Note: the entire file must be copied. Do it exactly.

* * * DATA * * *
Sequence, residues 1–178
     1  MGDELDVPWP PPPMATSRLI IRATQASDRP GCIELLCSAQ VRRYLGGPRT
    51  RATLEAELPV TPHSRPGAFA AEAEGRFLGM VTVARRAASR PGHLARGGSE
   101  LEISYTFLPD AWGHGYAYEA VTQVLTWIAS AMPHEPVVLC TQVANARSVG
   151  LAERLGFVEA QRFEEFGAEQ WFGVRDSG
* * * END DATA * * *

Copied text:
Sequence, residues 1–178
     1  MGDELDVPWP PPPMATSRLI IRATQASDRP GCIELLCSAQ VRRYLGGPRT
    51  RATLEAELPV TPHSRPGAFA AEAEGRFLGM VTVARRAASR PGHLARGGSE
   101  LEISYTFLPD AWGHGYAYEA VTQVLTWIAS AMPHEPVVLC TQVANARSVG
   151  LAERLGFVEA QRFEEFGAEQ WFGVRDSG